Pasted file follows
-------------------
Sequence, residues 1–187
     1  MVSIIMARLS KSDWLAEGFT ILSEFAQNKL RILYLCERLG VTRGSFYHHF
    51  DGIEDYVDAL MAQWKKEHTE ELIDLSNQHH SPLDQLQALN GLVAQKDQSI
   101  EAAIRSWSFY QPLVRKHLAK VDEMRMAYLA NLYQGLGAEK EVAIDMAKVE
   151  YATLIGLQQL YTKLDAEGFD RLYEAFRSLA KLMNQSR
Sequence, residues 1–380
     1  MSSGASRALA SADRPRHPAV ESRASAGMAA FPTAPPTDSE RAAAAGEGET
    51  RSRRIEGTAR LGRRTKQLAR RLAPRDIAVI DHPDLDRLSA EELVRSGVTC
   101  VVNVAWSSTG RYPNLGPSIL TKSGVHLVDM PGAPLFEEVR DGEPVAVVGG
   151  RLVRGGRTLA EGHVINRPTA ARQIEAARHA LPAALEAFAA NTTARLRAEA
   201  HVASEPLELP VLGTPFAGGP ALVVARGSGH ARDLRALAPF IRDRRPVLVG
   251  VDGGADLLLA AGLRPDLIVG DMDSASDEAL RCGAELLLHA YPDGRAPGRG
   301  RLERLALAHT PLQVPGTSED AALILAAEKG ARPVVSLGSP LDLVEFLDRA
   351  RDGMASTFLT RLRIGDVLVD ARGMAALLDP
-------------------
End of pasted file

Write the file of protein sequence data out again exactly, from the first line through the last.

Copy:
Sequence, residues 1–187
     1  MVSIIMARLS KSDWLAEGFT ILSEFAQNKL RILYLCERLG VTRGSFYHHF
    51  DGIEDYVDAL MAQWKKEHTE ELIDLSNQHH SPLDQLQALN GLVAQKDQSI
   101  EAAIRSWSFY QPLVRKHLAK VDEMRMAYLA NLYQGLGAEK EVAIDMAKVE
   151  YATLIGLQQL YTKLDAEGFD RLYEAFRSLA KLMNQSR
Sequence, residues 1–380
     1  MSSGASRALA SADRPRHPAV ESRASAGMAA FPTAPPTDSE RAAAAGEGET
    51  RSRRIEGTAR LGRRTKQLAR RLAPRDIAVI DHPDLDRLSA EELVRSGVTC
   101  VVNVAWSSTG RYPNLGPSIL TKSGVHLVDM PGAPLFEEVR DGEPVAVVGG
   151  RLVRGGRTLA EGHVINRPTA ARQIEAARHA LPAALEAFAA NTTARLRAEA
   201  HVASEPLELP VLGTPFAGGP ALVVARGSGH ARDLRALAPF IRDRRPVLVG
   251  VDGGADLLLA AGLRPDLIVG DMDSASDEAL RCGAELLLHA YPDGRAPGRG
   301  RLERLALAHT PLQVPGTSED AALILAAEKG ARPVVSLGSP LDLVEFLDRA
   351  RDGMASTFLT RLRIGDVLVD ARGMAALLDP